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The International Magazine of Poetry & Graphics ▪ Bi-monthly ▪ March/April 2008

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Unoma Azuah is an award-winning poet and fiction writer. Author of Night Songs and the novel Sky-High Flames. Here she talks about one of her favourite poets for our Poets on Poets series.



Who is your favourite poet?


Unoma: I have a bunch of favourite poets - David Mandessi Diop, Ifi Amadiume, Li Young Lee, Nia, Staceyann Chin, Masizi Kunene, Alice Walker, Audre Lorde, Derek Wilcot, Pablo Neruda, etc. The youngest of them all is Staceyann Chin. She is the one I’d like to talk about.


How did you first encounter Staceyann Chin?


Unoma: She was a guest poet at my University then - Cleveland State University, Ohio. And I had the opportunity to interview her for the school magazine called Vindicator.


What are the elements of this Chin’s work that make her work stand above others for you?


Unoma: Stacey has a strong forte for sprinkling humour into intense issues; she is fierce, confrontational, defiant, brave, and raw. I think though that some of her explicit poems may alienate her conservative audience. However, she makes poetry enjoyable because she transforms pedestrian subjects into something extraordinary, especially with her use of crisp figures of speech. In other words, she effortlessly merges the mundane and the profound and comes out with a fine tapestry of poetry.


What do you know about the writing habits of this poet?


Unoma: I know she is very passionate about writing - perhaps she sees her poetry as a calling. From her journal entries there are indications that she'd rather not sacrifice her passion for writing for the glitz and glamour performance poetry has brought her.


Do you know the poet your favourite poet most admired?


Unoma: If I am not mistaken, she loves the poetry of Lorna Goodison.


What is your favourite poem by Staceyann Chin? Please share your best lines from the poem, discussing what those lines represent to first as a person and second as a poet yourself.


Unoma: My favourite poem by Stacey Ann Chin is entitled "Passing." I don't have a favourite line from the poem and the whole poem would be too long to quote. I do however have favourite lines from one of her other poems entitled "Red Meat." It goes thus:


     "...our cups are filled with new possibilities

      other comic tragedies are yet to be conjured

      let us push our injured carcasses toward healing

      let us forsake this glut of obligatory feeling

      threatening to leave us heavy and poisoned by our choices."


As a person, I like the frankness in these lines and the way it connotes the need for a sacrifice in place of a greater cause. And as a poet, I like what she does with “our cups” being filled with “new possibilities”; the personification of “cup” and “possibilities” is striking because it makes me visualize such a concept as abstract as “possibilities.” It is also interesting to note what she does with “carcasses” and “healing,” as a paradox, it is as fresh as they come. Further, she adds music to these lines with her subtle use of internal rhymes and consonance. For example, this line: “us forsake this” attest to that. Then there are words like “glut of obligatory feeling,” and “healing.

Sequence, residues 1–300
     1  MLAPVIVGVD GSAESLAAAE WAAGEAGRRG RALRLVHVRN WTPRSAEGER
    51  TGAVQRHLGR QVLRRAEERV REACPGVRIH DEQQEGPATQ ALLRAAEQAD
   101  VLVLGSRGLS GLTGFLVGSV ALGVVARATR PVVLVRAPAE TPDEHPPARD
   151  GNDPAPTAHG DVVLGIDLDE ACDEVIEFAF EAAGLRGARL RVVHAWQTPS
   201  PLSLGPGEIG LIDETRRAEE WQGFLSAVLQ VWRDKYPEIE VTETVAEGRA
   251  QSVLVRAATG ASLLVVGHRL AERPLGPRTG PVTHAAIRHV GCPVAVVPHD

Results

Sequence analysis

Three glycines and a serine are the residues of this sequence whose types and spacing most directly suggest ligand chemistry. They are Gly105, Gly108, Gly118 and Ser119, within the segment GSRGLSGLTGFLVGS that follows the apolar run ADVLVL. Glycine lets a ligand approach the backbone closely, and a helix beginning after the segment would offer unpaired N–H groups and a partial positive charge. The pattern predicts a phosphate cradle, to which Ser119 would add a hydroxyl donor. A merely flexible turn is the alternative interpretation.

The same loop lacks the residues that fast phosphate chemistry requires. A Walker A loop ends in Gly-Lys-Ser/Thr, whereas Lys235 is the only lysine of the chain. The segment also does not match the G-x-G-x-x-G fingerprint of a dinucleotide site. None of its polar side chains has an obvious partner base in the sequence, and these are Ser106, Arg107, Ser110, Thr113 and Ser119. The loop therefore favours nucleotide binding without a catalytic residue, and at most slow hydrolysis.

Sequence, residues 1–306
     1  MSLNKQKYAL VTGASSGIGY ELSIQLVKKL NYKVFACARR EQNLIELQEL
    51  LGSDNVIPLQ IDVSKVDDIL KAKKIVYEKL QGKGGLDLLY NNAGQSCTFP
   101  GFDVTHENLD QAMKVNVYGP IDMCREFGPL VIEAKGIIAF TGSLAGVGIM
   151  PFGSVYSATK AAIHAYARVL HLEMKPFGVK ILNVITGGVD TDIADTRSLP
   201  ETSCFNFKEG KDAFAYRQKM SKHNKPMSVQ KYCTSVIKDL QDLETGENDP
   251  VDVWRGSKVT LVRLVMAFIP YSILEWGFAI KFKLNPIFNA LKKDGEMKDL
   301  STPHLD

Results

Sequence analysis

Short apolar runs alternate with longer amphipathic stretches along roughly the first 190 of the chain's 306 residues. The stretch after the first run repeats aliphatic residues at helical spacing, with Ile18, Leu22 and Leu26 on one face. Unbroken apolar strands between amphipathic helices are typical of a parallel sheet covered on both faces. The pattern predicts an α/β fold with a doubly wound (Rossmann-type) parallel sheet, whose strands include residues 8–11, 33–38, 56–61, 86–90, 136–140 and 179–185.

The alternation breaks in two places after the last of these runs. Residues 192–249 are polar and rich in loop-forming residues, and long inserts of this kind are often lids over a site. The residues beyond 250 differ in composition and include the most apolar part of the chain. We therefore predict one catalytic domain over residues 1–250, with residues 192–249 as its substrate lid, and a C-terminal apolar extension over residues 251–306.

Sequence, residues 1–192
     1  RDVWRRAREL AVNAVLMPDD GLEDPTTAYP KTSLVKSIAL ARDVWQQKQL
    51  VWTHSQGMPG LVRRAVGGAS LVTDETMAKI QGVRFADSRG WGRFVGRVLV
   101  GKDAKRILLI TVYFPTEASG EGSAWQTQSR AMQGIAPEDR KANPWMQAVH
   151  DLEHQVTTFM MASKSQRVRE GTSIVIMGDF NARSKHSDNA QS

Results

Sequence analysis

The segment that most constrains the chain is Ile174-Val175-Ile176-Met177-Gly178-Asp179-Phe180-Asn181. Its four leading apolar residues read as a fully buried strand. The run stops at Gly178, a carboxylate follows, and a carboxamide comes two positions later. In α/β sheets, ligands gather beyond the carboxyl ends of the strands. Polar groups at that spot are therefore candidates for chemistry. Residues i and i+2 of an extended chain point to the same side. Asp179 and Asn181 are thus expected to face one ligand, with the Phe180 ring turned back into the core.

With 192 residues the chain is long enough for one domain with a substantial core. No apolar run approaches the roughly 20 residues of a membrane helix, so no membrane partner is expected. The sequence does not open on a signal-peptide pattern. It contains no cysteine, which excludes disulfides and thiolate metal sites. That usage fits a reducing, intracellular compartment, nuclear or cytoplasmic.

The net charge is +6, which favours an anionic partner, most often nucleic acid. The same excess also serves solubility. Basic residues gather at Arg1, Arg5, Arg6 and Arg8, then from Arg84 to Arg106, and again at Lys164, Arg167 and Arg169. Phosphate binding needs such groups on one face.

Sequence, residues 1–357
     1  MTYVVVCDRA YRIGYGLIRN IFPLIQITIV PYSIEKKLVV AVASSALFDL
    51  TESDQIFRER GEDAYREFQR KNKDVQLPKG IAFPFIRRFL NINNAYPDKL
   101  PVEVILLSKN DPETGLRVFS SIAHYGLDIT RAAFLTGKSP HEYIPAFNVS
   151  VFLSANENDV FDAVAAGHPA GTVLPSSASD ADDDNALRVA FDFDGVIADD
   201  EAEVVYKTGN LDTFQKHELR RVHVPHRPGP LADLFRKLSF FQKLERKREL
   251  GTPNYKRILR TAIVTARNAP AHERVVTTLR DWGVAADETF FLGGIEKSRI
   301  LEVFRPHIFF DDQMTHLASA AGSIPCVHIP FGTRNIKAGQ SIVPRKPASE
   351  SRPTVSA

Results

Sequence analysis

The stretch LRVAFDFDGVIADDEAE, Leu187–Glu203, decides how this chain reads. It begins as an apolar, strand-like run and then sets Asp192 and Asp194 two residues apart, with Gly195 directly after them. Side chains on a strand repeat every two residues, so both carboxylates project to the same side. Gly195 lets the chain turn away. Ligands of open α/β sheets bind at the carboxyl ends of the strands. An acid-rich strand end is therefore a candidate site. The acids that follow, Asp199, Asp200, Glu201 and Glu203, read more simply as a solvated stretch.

Kindly offer up to a 100-word review of your favourite collection of poems by the poet.


Unoma: My favourite collection by Staceyann is her volume entitled, Stories Surrounding My Coming. It’s a collection that chronicles her experiences as a growing girl in Jamaica, being raised Roman Catholic, being abandoned, living with her grandmother and relatives. The poems are testimonies to these encounters. It’s also a collection that explores her growth and her restless questioning of a world and society that threatens to make her invisible because of her nonconformist stance. Staceyann is able to transcend the pain, the past and the burden of her being by remoulding these experiences into triumphant and evocative lines. Each and every one of these poems pulls one in to be entertained, educated and altered; her life and history become a song in this collection.


What is the most stirring thing a notable poet or critic has said about your Staceyann Chin?


Unoma: Sonya Shields has said this of Staceyann: “All the name-calling, discrimination and confusion about how to categorize Staceyann never stopped her from using “words” to educate people about injustice.”


Do you think that Chin’s work is or has ever been misunderstood?


Unoma: Yes. Some have called her angry, man-hater, and extremist feminist, etc. But I think what turns some people off, especially conservatives, is her ability to have the nerve to challenge the status quo; her ability to be loud and vocal about her “tabooed” sexual orientation. In my opinion, she is a dan-good-poet, an activist and a revolutionist.


What do you consider the legacy this poet will bequeath to the literary world?


Unoma: Innovative poetry, spectacular art performance and the courage to fight for integrity.  





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